Metro Weekly

Alabama couple who ran conversion therapy camp indicted for human trafficking

Young boys were allegedly starved and beaten to "get the demon out" and make them straight

Gary and Meghann Wiggins — Photos: Burnet County Sheriff’s Office

An Alabama couple who allegedly operated Christian conversion therapy camps for “troubled boys” has been indicted in Texas for human trafficking.

Gary Wiggins, 49, and his wife Meghann Wiggins, 34, were arrested on Aug. 6 on one count each of Trafficking of Persons, a first degree felony.

It comes after a yearlong investigation into the couple’s “residential home for troubled boys” in Burnet County, Texas, where they were accused of trafficking underage boys and making them “engage in forced labor or services,” Austin’s KXAN reports.

The couple’s ten-acre property was raided last year, with eight boys between the ages of 10 and 17 removed following allegations of abuse, neglect, fraud, trafficking, and more.

Wiggins and his wife had previously operated two other such “homes” in Missouri and Alabama, though no charges were filed in either state.

The Alabama home, called Blessed Hope Boys Academy, was investigated by ABC’s 20/20 after boys told of the abuse they suffered, including starvation, forced exercise, and solitary confinement — as well as anti-gay conversion therapy.

Lucas Greenfield, whose mother sent him to the camp because he is gay, told 20/20 that Gary Wiggins — or “Brother Gary” as he was called — would beat him.

“He took off his belt and started swinging,” Greenfield said. He reported to the police that Wiggins said he was “going to get the demon out of you and make you straight.”

Former teacher Rodney Pinkston corroborated reports of conversion therapy tactics, telling 20/20 that Wiggins was trying to force the boys to be straight.

“During his preaching sometimes Brother Gary would say to the boys, ‘That’s just queer. What are you, queer? You a faggot, son?’” he said.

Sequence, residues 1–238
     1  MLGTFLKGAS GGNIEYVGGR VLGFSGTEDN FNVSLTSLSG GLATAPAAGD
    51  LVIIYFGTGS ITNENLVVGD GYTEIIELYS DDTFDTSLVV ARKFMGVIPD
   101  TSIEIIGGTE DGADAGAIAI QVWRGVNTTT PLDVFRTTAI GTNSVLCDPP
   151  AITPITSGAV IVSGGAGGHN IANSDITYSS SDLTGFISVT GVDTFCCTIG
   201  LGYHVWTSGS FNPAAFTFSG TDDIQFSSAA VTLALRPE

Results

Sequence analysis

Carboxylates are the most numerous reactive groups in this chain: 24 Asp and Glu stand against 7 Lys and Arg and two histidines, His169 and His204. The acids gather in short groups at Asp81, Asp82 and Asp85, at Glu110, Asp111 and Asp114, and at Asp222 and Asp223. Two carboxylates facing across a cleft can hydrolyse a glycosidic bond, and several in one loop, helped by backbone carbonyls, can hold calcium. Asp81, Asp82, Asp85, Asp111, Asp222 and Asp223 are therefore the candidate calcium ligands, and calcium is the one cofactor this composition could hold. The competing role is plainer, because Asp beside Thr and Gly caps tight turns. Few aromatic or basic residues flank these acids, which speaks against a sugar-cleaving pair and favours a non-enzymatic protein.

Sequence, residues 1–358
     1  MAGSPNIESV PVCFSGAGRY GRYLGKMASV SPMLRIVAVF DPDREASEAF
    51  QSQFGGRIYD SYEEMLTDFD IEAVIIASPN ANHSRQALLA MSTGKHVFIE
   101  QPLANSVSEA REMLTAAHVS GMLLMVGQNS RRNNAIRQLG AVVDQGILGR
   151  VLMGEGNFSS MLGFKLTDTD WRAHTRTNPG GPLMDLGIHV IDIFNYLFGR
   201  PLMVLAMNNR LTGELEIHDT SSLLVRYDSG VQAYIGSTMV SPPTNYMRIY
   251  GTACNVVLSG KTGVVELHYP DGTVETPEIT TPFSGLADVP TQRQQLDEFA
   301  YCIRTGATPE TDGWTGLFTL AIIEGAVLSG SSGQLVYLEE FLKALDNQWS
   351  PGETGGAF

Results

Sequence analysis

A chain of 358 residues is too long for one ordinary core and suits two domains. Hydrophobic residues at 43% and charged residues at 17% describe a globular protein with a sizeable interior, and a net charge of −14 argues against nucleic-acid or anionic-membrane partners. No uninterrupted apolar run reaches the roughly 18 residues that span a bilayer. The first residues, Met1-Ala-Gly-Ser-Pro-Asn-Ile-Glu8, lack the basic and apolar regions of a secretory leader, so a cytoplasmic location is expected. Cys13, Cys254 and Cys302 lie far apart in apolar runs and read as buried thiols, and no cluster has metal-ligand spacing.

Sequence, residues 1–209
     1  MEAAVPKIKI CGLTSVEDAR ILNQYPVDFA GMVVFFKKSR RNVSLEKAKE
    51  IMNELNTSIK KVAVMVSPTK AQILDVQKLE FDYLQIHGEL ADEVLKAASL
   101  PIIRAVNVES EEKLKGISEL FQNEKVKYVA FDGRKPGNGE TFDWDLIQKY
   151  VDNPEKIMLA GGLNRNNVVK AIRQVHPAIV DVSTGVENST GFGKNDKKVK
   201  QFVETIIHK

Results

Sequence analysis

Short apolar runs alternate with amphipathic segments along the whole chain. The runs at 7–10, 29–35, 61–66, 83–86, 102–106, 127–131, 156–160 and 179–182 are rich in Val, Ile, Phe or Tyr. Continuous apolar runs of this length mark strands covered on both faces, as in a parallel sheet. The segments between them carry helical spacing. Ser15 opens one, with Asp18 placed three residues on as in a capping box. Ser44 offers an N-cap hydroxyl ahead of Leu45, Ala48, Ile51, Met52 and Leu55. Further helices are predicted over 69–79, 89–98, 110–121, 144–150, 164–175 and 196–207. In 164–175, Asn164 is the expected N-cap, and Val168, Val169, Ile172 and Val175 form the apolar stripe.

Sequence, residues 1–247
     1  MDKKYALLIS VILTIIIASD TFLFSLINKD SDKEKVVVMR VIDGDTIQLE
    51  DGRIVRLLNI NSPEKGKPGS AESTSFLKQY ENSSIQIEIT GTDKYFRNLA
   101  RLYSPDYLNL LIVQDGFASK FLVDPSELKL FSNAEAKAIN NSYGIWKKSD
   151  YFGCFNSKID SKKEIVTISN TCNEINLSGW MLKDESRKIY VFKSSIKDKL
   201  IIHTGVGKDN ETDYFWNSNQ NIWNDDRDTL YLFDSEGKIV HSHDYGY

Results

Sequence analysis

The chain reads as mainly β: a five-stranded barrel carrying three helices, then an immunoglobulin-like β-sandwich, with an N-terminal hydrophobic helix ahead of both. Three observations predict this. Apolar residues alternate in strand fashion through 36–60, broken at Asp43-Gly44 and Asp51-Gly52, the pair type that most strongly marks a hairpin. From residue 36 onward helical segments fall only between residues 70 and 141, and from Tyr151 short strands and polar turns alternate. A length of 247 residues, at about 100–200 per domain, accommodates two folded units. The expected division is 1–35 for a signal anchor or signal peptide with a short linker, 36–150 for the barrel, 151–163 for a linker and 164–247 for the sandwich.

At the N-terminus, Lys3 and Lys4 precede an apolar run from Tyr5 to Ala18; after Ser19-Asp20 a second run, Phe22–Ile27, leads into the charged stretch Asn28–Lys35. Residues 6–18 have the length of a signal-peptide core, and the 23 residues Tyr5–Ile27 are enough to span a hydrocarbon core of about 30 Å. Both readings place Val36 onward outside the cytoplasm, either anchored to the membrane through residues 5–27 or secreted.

The couple are being held on a $100,000 bond each, and their attorney told CBS Austin that he planned to take the Wiggenses case to trial.

Earlier this month, a team of medical experts called for a nationwide ban on the practice of conversion therapy, citing its harmful effects on the mental health of those subjected to it.

Purporting to change a person’s sexuality or gender identity, widely debunked and heavily criticized conversion therapy can include a number of different “therapies,” including talk therapy, behavior-modification therapy including the use of commercial sex workers, orgasmic reconditioning, and an emphasis on marriage to an opposite-sex partner.

It can also include forms of aversion therapy, including electroshock, chemical, and deprivation therapy.

Currently, 18 states have banned conversion therapy for minors. However, adults are able to engage in it if they so choose.

No states have officially classified conversion therapy as a form of consumer fraud, though there have been bills introduced in state legislatures and in Congress that would do so.

Related:

Doctors call for ban on conversion therapy, citing harmful mental health effects

North Carolina governor prohibits use of taxpayer dollars for conversion therapy

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Rhuaridh Marr is Metro Weekly's managing editor. He can be reached at rmarr@metroweekly.com.

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